COSMOGRAIL is the COSmological MOnitoring of GRAvItational Lenses. Our project is aimed at measuring time delays for most known lensed quasars, from optical light curves obtained with small but (almost) dedicated telescopes in the northern and southern hemispheres. COSMOGRAIL involves people from different countries, spanning a broad range of expertises. The goal is to measure individual time delays with an accuracy below 3%, in order to determine the Hubble constant H0. A standalone measurement of H0 is highly complementary to other cosmological probes, such as the observations of the CMB made by the ESA Planck mission. This complementarity will help us to understand better the so called “dark energy” which is driving the accelerated expansion of our Universe.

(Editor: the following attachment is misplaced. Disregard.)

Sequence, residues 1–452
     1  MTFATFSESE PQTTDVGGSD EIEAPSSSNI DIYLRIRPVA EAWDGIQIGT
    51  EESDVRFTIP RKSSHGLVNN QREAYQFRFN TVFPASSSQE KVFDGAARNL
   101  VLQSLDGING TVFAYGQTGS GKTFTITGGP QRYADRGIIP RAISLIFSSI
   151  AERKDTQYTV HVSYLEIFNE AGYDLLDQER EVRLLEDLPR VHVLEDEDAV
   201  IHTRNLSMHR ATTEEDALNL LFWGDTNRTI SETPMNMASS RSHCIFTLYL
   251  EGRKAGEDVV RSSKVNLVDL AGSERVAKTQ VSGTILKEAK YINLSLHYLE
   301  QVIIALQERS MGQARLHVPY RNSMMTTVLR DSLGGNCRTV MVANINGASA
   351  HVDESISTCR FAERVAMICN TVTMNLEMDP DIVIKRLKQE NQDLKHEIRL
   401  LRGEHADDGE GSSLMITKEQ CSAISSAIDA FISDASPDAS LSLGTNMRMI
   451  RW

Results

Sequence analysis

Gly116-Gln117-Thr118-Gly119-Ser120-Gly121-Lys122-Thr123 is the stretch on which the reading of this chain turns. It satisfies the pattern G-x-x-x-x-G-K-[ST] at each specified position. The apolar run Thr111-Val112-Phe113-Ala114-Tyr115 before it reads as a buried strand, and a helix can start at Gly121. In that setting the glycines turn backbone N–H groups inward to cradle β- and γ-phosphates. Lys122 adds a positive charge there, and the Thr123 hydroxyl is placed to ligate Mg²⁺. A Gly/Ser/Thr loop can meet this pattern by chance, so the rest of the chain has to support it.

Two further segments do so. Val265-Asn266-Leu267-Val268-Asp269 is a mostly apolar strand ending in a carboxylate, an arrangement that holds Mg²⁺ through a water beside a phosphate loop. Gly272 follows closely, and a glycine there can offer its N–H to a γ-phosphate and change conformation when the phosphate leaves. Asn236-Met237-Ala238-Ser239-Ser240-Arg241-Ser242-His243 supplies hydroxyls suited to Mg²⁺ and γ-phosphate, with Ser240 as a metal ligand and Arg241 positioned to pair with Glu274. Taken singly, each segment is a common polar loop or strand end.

Measuring time delays is difficult, but not as difficult as it first appeared in the late 80s when the first monitoring programs were started. Obtaining regular observing time on telescopes in good sites was (and is still) not easy and the small angular separations between the quasar images require to perform accurate photometry of blended objects, sometimes with several quasar images plus the lensing galaxy within the seeing disk. The COSMOGRAIL project, started in April 2004 and lead by EPFL, addresses both issues of carrying out photometry of faint blended sources and of obtaining well sampled light curves. In order to use all the available data, even with bad seeing, the data are processed using the MCS deconvolution algorithm.

A presentation of COSMOGRAIL and its scientific motivation can be found in our recent ESO Messenger article.